Little-known Vietnamese carrier Bamboo Airways is set to plant its flag in Australia next year, eyeing regular flights between Melbourne and Hanoi from mid-2021.
Using its Boeing 787-9 aircraft, Bamboo Airways would offer business class and premium economy service, in addition to economy.
The airline’s Dreamliner business class cabin comes equipped with 26 seats in a 1-2-1 layout, based upon the same ‘Super Diamond’ seat as Australian travellers may recognise from the likes of Air Canada’s Boeing 787 Signature Class, Fiji Airways’ A350 business class, and of course, Virgin Australia’s now-defunct ‘The Business’ cabin.
Serving as a suitable workspace for daytime flying and transforming into a fully-flat bed after hours, high flyers can stretch out and relax on what would be the nine-hour journey between Melbourne and Hanoi.
A cosy premium economy cabin of just three rows features 21 seats in a 2-3-2 layout, again based on an off-the-shelf design: similar to the Delta Premium Select cabin on Sydney-Los Angeles flights, with a leg rest and 38 inches of pitch for ample legroom.
“Australia is one of the most important source markets of Vietnam … (and we are) aiming to develop a regular direct route into operation in 2021,” confirms Bamboo Airways Deputy General Director, Nguyen Ngoc Trong.
Melbourne Airport looks forward to “enhancing our nonstop service to Vietnam on the Boeing 787-9 Dreamliner in 2021, including to Hanoi for the first time, which opens up critical trade, leisure and business opportunities for Victoria,” adds the airport’s Chief of Aviation, Shane O’Hare.
The news follows a one-off Bamboo Airways repatriation flight from Melbourne to Hanoi on September 6, with the commencement of regular services to Melbourne tied to the easing of international travel restrictions from Australia.
Bamboo Airways status match for Qantas frequent flyers
Bamboo Airways doesn’t currently have an Australian airline partner – and isn’t a member of a global alliance – but its Bamboo Club loyalty program is free to join, even if its Emerald, Gold, Diamond and First tier levels are confusingly-named.
Emerald is the program’s entry-level tier (akin to Qantas Bronze or Velocity Red), while Bamboo Club Gold resembles Silver status as Australians might know it.
Bamboo Club Diamond is instead most comparable to Qantas or Velocity Gold, while Bamboo Club First is Bamboo Airways’ equivalent of Qantas or Velocity Platinum.
Until the end of 2020, Bamboo Airways is offering a status match to all tiered Oneworld, Star Alliance and SkyTeam frequent flyers – a roster that includes Qantas and Vietnam Airlines cardholders – although Virgin Australia Velocity doesn’t make the cut.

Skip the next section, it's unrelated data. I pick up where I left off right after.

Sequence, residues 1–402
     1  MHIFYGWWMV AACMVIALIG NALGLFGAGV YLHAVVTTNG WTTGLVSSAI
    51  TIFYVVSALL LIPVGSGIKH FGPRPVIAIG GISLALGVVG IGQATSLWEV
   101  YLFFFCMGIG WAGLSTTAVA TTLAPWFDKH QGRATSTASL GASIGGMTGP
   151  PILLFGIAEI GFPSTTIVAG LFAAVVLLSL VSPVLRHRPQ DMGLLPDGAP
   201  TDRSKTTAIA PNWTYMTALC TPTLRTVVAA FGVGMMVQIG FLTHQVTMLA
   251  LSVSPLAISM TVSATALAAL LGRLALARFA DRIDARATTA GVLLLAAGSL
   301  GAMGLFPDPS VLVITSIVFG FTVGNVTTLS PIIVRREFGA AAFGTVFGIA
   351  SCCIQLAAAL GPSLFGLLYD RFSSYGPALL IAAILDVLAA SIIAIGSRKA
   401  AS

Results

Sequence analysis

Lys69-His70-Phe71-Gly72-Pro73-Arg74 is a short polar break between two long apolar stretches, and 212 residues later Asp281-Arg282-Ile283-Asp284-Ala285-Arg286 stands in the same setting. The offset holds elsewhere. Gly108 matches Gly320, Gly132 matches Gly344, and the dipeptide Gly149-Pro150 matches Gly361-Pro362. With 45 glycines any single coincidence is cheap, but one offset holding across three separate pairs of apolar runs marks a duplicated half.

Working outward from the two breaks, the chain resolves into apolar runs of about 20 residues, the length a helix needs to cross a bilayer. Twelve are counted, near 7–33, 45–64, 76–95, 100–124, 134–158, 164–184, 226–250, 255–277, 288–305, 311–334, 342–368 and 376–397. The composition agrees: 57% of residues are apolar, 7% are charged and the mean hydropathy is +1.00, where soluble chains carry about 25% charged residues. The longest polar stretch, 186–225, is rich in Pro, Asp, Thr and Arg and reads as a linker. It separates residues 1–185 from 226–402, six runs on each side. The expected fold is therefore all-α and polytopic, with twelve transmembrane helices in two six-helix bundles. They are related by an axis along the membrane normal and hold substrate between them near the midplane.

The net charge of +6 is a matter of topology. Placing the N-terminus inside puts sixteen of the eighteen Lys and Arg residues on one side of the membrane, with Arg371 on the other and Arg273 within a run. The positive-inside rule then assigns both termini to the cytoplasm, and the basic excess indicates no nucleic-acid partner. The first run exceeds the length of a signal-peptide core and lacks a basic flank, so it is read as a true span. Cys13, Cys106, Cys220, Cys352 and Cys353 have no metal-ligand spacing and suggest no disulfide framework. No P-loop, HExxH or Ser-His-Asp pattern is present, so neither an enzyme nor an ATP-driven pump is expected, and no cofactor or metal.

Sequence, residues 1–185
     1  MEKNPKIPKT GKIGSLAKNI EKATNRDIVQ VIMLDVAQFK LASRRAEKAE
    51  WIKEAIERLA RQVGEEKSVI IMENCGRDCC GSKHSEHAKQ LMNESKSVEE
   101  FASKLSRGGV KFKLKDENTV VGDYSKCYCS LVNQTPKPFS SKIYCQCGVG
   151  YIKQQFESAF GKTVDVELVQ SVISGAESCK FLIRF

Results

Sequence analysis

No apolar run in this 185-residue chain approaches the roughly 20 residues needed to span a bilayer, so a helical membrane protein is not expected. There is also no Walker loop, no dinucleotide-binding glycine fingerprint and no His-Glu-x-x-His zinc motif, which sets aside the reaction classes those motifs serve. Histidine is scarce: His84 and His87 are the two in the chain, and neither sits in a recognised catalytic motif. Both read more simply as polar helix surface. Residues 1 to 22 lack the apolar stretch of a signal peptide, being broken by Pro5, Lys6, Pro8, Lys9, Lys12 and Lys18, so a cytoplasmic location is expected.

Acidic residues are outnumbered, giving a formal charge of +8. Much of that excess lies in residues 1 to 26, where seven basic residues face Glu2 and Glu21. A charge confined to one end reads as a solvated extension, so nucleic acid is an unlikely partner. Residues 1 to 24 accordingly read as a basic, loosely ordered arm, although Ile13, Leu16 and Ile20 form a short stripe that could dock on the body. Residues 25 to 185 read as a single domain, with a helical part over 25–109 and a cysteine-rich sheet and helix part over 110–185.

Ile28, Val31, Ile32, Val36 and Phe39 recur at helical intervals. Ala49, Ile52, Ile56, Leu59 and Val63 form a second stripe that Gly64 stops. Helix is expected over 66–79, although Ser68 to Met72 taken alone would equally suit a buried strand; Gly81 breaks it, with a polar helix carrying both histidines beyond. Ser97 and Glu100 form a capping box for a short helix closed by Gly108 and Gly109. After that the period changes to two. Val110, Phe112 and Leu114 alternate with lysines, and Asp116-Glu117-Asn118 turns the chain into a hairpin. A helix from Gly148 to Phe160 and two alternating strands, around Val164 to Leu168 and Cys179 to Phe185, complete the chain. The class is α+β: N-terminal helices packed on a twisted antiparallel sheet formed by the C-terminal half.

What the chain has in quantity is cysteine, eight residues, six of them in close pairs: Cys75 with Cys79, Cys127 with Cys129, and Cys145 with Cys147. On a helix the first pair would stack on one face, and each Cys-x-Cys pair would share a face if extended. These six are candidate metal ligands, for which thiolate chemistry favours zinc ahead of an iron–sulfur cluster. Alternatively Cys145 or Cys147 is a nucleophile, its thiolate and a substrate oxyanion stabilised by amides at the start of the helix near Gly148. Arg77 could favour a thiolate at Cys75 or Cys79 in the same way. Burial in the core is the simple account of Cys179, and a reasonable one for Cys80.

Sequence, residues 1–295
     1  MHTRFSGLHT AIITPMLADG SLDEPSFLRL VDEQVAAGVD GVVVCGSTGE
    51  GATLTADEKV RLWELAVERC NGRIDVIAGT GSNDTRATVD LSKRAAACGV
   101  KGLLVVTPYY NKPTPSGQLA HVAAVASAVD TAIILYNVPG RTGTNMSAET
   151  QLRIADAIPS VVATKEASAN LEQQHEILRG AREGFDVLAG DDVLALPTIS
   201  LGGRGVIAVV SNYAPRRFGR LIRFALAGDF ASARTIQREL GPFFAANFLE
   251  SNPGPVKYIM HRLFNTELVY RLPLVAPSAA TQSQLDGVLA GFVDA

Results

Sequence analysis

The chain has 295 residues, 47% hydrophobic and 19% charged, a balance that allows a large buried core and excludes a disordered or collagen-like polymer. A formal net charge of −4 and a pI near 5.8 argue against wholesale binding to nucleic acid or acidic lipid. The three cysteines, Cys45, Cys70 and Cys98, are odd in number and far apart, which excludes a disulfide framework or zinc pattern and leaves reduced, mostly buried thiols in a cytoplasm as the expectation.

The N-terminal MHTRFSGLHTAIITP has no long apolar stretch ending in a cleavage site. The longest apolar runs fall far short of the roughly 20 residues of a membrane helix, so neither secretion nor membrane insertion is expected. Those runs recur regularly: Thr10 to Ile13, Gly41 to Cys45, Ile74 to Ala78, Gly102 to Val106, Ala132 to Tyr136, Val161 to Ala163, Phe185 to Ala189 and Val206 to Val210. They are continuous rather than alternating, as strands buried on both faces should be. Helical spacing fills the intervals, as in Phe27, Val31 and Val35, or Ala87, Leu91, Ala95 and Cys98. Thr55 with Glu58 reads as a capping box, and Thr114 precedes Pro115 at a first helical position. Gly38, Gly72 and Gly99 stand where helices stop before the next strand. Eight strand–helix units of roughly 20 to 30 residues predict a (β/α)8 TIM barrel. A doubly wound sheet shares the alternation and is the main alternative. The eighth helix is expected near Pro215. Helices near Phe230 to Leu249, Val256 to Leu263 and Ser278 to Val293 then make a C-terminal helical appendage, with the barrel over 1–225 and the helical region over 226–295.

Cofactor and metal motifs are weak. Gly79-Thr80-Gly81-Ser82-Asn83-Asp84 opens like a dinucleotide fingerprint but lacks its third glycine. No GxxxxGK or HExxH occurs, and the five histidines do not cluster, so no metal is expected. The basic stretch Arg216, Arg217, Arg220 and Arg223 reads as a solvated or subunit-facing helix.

(Of course, Virgin Australia Velocity members who took the opportunity to match their Velocity status to the Privilege Club program of Oneworld’s Qatar Airways could use that matched Privilege Club status for an onward status match to Bamboo Airways.)
Here’s how the tiers line up:
- Bamboo Club First (top-tier): Match from Oneworld Emerald (Qantas and Qatar Platinum, and above), Star Alliance Gold, SkyTeam Elite Plus, and Vietnam Airlines Platinum.
- Bamboo Club Diamond: Match from Oneworld Sapphire (Qantas and Qatar Gold), and Vietnam Airlines Gold.
- Bamboo Club Gold: Match from Oneworld Ruby (Qantas and Qatar Silver), Star Alliance Silver, SkyTeam Elite, and Vietnam Airlines Titan.
However, there’s a catch: to be eligible for the status match, the traveller needs to have already completed one business class flight with Bamboo Airways – such as on domestic routes within Vietnam, or short-range flights across Asia – or must purchase a ‘Bamboo Pass’.
The airline’s Bamboo Pass is a prepaid bundle of flights, with prices beginning at 21.9 million VND (A$1,295) for 20 Vietnamese domestic flights, which makes little sense for Australian travellers right now: particularly with Australia’s international travel restrictions in place.
As such, the airline’s status match offer will be of most use once the airline’s Melbourne flights begin, provided that offer is extended, as has already once been the case.
Prior to COVID-19, Vietnam Airlines and Jetstar connected Melbourne with Ho Chi Minh City in Vietnam, although non-stop flights from Australia to Hanoi ran exclusively from Sydney on Bamboo Airways’ rival Vietnam Airlines: a route the airline launched in 2017.